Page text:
Screams of joy


By Alexandra Newman - Contributing Columnist



I am 21 years old. I am just old enough to have grown up in a time where playing outside was really the only form of entertainment we had, plus my mother wouldn’t buy me video games.

Someday, way far into the future, if I ever decide to birth a child, adopt a child, foster a child, or end up with a child from some dead family member, I will encourage them to play outside as well.

I just moved to Piqua, fresh out of college, have an apartment all to myself, and everyday when I get home from work, I am greeted by the (I assume) joyful screams of children playing.

A part of me is very happy they are playing outside. In the age of video games and Netflix, these children are actually getting outside and doing something, and I think that’s great.

The big “but” here is that I never see these children (probably age 5 to 13 or so) being supervised. Whatsoever.

One of the days I was moving in last month I witnessed them chasing each other around the yard with a giant pair of hedge clippers.

On another occasion they were playing a big game of softball back there and I was certain a ball was going to come crashing through one of my windows. Just the other day they hit the side of my house with a football, making a very loud thud that I assumed at the time had to be the house crumbling down or something. I had the fantasy of creeping out my door and shaking my fist at them like those old people in the movies do.

Now maybe this is something I should have checked out before moving in, but I honestly don’t really mind kids. No, they aren’t my favorite, but I enjoy the sounds of them screaming because it reassures me society is actually still out there when I have been sitting on my couch watching Netflix for hours.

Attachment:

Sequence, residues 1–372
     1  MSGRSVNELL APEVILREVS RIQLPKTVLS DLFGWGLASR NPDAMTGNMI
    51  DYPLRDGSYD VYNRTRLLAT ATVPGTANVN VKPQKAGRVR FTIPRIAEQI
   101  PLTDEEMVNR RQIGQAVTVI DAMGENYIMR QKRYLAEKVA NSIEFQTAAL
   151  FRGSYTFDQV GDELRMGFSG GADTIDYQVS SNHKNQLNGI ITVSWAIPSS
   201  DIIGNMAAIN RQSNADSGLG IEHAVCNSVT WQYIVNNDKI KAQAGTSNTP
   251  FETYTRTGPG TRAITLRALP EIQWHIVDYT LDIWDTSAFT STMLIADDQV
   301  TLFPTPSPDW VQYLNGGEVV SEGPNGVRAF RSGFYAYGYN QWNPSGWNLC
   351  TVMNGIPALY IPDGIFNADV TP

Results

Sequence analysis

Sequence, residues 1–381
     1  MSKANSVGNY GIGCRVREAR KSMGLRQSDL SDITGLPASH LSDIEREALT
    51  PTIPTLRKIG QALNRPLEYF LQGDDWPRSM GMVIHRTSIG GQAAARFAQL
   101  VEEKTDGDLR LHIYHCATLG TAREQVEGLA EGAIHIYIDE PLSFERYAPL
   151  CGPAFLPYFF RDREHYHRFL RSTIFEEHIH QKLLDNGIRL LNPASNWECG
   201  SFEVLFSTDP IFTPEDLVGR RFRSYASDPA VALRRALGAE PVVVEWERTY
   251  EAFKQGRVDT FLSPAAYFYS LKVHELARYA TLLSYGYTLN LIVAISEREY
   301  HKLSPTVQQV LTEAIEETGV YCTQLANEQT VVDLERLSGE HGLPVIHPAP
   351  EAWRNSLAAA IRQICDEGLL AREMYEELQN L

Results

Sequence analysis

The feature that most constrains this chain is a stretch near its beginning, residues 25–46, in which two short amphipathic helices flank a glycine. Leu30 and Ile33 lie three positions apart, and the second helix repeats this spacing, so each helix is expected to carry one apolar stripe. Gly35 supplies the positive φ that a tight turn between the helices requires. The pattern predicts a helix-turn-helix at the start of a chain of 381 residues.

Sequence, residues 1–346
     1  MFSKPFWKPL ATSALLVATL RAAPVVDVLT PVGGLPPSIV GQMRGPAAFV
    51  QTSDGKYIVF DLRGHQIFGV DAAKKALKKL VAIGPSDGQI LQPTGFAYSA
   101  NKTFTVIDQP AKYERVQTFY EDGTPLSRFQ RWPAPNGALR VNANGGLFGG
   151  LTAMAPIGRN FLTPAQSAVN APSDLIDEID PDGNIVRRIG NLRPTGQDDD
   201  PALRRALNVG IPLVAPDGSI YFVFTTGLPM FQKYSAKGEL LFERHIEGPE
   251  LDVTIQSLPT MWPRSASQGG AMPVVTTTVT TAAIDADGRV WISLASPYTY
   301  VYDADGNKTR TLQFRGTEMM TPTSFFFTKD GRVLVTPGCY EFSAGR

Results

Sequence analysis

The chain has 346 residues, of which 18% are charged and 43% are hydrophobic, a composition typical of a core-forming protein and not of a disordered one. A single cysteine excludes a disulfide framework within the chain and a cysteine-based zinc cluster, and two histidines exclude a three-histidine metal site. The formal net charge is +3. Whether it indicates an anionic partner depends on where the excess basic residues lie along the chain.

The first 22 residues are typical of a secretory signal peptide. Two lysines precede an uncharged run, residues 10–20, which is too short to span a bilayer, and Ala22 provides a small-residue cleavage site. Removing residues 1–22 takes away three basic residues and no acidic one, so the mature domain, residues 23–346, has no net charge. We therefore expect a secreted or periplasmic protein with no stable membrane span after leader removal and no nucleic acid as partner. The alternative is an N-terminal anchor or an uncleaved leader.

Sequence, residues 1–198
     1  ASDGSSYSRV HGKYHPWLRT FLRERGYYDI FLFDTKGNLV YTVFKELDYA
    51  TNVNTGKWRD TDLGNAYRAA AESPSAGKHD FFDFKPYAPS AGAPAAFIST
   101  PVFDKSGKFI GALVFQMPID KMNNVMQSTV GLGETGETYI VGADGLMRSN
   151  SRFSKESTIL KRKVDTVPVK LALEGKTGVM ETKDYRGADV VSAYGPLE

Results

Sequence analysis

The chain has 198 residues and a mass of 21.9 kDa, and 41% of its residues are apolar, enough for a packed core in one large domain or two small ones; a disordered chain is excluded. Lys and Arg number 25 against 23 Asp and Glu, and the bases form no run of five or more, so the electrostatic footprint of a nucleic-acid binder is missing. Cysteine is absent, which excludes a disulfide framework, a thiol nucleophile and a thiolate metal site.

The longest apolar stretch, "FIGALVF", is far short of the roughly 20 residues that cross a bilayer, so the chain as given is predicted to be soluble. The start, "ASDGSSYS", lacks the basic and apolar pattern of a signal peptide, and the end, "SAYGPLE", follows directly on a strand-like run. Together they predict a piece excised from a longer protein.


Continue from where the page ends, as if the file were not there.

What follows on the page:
When it gets dark the screams usually stop and they all retreat back into their homes, but it all really makes me wonder why their parents aren’t providing them with any supervision; why are hedge clippers just sitting out for them to be chasing each other with?

My mother would look at unsupervised children and tell me, “Their parents must not love them.” When I was really little, and didn’t know any better, I would tell my friends that their parents didn’t love them whenever their parents let them do something mine wouldn’t let me do. It didn’t make me very popular, but I’d like to think I turned out slightly normal.

Another factor that needs to be taken into consideration is the fact that it’s summer and these kids’ parents are probably at work and just trust them to roam freely in the expanse of yard that is located behind mine and the neighbors’ houses. I had a mom who didn’t work for many years and then got a job where she could work from home, so I was constantly supervised.

These are the things that go on inside my 21-year-old head, even though the added responsibility and money that comes with child care are something many years in the future for me.

I was a kid not too long ago, wait, I still consider myself a kid. I am constantly needing adults that are “adulting” better than me.

I know how rotten kids can be. Maybe sending them to their grandparent’s house or to camp would be a good use of their time during the summer. Get them involved in supervised activities at the parks each day.

I could list 50 different activities, about half of which are free, that could keep those kids from chasing each other with hedge clippers most of the summer.

Now sure, transportation or money might be an issue, but anything can be figured out with a little effort. I try not to be naive or judge people about things like this, but maybe some parents just cannot figure out how to let their kids have fun and have them be supervised at the same time.

I really would like to continue to hear the screams of children, but I would like the added comfort of seeing someone keep an eye out for them so I know they are screams of joy and not terror. I don’t want my backyard to be turned into a crime scene when one of them accidentally stabs another with a yard tool.

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By Alexandra Newman

Contributing Columnist

Reach this writer at 937-538-4825 or anewman@aimmedianetwork.com; follow on Twitter @SDNAlexandraN

Reach this writer at 937-538-4825 or anewman@aimmedianetwork.com; follow on Twitter @SDNAlexandraN